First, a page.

The protection against "domestic Violence" provision is what expressly authorizes federal troops to move in to restore order after a natural disaster, with the sole (and very important) proviso that state government officials must request help first — help not only cannot be imposed on a state against its will, it cannot be imposed without its express request.

Providing help when disaster overwhelms regular authorities is authorized under the Necessary and Proper clause. It is clearly more "necessary and proper" to protecting against domestic violence than a great deal of the stuff the Supreme Court has upheld as necessary and proper to the Commerce Clause.
9.9.2005 12:35am
ReaderY:
Article IV, Section 4:

"The United States shall guarantee to every State in this Union a Republican Form of Government, and shall protect each of them against Invasion; and on Application of the Legislature, or of the Executive (when the Legislature cannot be convened) against domestic Violence."

The protection against "domestic Violence" provision is what expressly authorizes federal troops to move in to restore order after a natural disaster, with the sole (and very important) proviso that state government officials must request help first -- help not only cannot be imposed on a state against its will, it cannot be imposed without its express request.

Providing help when disaster overwhelms regular authorities is authorized under the Necessary and Proper clause. It is clearly more "necessary and proper" to protecting against domestic violence than a great deal of the stuff the Supreme Court has upheld as necessary and proper to the Commerce Clause.
9.9.2005 12:36am
Lors Suck (www):
The really strange part What's strange? There's nothing strange about socialists advocating socialism.

Truly bizarre. What's bizarre? It's their usual tack.

Are they *serious* They're deadly serious.

What's bizarre is how the complete failure of big centralized government planning is somehow seen as an argument for... big centralized government planning. Once again I say it's not at all bizarre. The authors are socialists. The history of the socialist movement is to advocate for socialism no matter the efficacy of any actual government programs. Effective programs is not the goal, never was the goal, never will be the goal.
9.9.2005 4:46am
Lors Suck (www):
The really strange part What's strange? There's nothing strange about socialists advocating socialism.

Truly bizarre. What's bizarre? It's their usual tack.

Are they *serious* They're deadly serious.

What's bizarre is how the complete failure of big centralized government planning is somehow seen as an argument for... big centralized government planning. Once again I say it's not at all bizarre. The authors are socialists. The history of the socialist movement is to advocate for socialism no matter the efficacy of any actual government programs. Effective programs is not the goal, never was the goal, never will be the goal.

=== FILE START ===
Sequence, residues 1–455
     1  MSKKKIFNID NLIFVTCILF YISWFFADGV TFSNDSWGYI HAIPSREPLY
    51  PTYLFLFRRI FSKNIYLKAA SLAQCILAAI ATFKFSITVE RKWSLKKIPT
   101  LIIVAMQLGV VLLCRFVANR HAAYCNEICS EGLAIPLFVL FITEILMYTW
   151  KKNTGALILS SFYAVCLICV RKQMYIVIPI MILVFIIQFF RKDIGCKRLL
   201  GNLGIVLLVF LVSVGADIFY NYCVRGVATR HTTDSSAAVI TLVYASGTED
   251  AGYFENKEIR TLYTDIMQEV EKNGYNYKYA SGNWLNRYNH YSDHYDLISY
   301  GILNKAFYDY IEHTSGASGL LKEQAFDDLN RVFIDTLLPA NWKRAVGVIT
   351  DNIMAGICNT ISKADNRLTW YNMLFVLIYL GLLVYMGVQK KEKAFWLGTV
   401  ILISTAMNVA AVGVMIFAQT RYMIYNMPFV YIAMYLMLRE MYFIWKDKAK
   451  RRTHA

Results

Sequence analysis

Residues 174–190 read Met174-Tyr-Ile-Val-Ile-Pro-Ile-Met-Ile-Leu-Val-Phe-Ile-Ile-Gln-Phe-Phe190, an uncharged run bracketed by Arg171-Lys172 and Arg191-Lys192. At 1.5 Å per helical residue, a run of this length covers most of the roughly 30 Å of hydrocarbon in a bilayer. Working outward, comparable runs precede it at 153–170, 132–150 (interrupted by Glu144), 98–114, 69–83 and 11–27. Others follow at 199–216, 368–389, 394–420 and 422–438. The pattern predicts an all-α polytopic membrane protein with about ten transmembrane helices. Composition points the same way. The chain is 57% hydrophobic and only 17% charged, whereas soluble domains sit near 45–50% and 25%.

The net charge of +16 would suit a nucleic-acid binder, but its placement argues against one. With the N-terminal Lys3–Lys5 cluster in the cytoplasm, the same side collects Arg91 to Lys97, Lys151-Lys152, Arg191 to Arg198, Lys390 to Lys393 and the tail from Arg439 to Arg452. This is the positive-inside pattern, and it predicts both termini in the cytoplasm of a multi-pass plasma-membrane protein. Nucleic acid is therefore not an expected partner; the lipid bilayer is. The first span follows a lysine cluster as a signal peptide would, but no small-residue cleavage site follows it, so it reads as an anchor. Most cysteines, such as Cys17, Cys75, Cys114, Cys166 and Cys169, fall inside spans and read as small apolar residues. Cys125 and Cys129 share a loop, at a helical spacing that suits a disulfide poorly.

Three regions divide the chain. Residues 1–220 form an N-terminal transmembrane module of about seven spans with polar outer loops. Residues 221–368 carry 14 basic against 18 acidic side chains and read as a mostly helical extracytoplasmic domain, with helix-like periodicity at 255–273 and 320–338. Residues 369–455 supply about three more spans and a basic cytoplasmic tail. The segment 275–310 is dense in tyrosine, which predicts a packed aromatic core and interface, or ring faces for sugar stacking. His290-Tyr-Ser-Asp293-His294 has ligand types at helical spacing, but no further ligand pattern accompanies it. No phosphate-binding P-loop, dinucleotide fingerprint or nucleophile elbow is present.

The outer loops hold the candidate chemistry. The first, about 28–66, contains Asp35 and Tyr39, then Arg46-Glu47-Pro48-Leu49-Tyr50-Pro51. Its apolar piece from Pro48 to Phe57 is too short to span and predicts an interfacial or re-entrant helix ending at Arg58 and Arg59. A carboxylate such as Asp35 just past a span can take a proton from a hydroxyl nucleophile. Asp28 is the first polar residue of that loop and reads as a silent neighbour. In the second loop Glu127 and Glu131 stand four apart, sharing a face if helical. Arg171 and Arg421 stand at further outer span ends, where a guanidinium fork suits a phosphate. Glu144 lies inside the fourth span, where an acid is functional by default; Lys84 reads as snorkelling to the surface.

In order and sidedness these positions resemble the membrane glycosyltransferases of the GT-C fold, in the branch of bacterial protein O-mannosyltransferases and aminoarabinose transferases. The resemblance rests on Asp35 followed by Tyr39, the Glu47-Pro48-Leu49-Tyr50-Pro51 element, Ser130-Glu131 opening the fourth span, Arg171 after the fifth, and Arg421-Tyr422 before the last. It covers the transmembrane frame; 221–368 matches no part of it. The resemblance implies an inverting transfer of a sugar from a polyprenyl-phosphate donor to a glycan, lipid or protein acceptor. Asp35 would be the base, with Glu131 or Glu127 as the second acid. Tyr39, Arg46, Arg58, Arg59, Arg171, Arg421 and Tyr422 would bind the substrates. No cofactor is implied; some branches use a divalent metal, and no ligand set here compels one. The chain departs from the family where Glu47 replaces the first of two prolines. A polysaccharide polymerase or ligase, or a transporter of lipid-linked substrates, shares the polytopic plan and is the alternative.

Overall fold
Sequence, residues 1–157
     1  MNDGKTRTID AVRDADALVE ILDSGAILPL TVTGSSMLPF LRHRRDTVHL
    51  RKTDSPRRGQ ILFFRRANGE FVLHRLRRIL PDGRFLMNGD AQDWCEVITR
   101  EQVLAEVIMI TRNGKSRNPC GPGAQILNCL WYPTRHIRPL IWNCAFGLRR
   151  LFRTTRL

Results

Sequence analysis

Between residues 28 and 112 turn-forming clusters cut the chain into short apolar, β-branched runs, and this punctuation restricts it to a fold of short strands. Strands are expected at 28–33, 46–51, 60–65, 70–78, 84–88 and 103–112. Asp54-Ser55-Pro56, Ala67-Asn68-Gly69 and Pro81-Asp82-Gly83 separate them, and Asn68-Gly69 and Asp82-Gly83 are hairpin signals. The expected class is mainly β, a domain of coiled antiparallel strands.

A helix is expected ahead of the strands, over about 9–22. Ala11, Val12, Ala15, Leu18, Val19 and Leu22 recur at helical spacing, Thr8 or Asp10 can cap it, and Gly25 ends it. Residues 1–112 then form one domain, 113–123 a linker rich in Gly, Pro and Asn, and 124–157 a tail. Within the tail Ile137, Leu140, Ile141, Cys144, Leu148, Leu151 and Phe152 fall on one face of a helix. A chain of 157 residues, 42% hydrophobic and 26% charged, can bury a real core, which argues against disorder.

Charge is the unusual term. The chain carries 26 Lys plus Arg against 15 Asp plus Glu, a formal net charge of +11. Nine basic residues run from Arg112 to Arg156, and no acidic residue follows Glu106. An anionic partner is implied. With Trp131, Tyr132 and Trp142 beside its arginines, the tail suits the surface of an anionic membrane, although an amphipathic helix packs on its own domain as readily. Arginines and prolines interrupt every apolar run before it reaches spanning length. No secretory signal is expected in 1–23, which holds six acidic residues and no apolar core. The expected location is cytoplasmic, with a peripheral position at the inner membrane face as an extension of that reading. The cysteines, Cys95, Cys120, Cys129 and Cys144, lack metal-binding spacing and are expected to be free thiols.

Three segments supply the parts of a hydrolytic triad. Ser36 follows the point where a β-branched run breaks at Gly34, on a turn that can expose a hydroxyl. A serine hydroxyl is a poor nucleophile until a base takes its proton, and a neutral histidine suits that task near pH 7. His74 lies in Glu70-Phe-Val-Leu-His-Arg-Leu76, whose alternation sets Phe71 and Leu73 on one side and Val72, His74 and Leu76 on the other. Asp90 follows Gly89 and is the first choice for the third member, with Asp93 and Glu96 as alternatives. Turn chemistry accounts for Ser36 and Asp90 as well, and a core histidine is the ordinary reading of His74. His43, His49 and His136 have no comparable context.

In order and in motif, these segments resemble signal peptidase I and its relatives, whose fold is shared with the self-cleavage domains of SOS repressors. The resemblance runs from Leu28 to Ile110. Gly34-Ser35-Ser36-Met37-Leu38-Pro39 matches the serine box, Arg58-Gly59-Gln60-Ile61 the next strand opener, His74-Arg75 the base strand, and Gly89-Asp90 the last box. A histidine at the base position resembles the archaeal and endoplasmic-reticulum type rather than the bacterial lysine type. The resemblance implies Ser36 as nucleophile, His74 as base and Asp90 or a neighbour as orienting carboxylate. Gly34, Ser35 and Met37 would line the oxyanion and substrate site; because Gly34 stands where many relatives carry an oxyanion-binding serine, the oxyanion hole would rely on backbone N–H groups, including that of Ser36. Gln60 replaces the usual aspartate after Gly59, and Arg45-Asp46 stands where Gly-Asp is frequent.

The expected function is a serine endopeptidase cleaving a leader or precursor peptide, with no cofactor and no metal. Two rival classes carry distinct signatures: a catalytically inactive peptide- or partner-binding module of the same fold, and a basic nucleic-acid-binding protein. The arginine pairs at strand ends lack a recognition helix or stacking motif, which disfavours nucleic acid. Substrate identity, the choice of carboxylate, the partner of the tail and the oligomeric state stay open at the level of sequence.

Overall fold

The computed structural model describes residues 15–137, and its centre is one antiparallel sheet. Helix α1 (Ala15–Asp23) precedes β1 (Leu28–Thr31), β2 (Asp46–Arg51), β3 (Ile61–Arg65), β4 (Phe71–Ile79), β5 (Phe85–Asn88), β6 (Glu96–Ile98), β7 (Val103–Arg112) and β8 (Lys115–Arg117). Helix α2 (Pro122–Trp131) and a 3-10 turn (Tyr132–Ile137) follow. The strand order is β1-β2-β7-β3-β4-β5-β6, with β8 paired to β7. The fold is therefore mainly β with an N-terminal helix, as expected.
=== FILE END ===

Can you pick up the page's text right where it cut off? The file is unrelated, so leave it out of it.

9.9.2005 4:46am
Robert Schwartz (mail):
If the Federal Goverment were not imagined as everybody's mommy, then disaster relief would be a state, local, and private responsibility. Which is what it should be.

Commenters above have rightfully point to Art IV, Sec 4. Apparently Gov. "My Mind Is A Complete" Blanco, dithered and stalled on asking for Federal assistance to keep order. Of course if the NOPD had not crumbled in the face of the storm (due to poor morale, poorly planned facilities and bad planning), it wouldn't have been an issue.

Congressional authority over navigable waters is long established:

Gilman v. Philadelphia (70 U.S. 713, 1866) "Commerce includes navigation. The power to regulate commerce comprehends the control for that purpose, and to the extent necessary, of all the navigable waters of the United States which are accessible from a State other than those in which they lie. For this purpose they are the public property of the nation, and subject to all requisite legislation by Congress. This necessarily includes the power to keep them open and free from any obstruction to their navigation, interposed by the States or otherwise; to remove such obstructions when they exist; and to provide, by such sanctions as they may deem proper, against the occurrence of the evil and for the punishment of offenders. For these purposes, Congress possesses all the powers which existed in the States before the adoption of the national Constitution, and which have always existed in the Parliament in England."
9.9.2005 1:45pm
Scipio (mail) (www):
My con law professor (a living Constitution guy of some note; Grisham blew him up in the Pelican Brief) recounted a story that appalled even him about a summer class he taught at Fordham, where one particular student was advancing a truly Quixotic theory of constitutionalism where only current standards guided the interpretation of the constitution. He asked the student if there was any part of the Constitution that he believed retained its original meaning.

The student's reply: "The necessary and proper clause."
9.9.2005 2:23pm
John the Lawyer (mail):
What are professors at Top 10 law students doing writing obviously-wrong stuff like this?
9.9.2005 4:17pm
Wince and Nod (mail) (www):
Domestic violence does not mean natural disaster. And emergency relief is not regulation of interstate commerce. The Anti-Federalists called the necessary and proper clause the sweeping clause. They were right about that. But who then predicted that the Commerce Clause would be the broom chosen?

FEMA may indeed be embraced by the letter of the Constitution, although a letter stretched so far beyond it's normal being as to become a portrait, a landscape or a still-life. But there is no way that FEMA can be read as being in the spirit of the COnstitution as written.

Yours,
Wince
9.10.2005 2:42am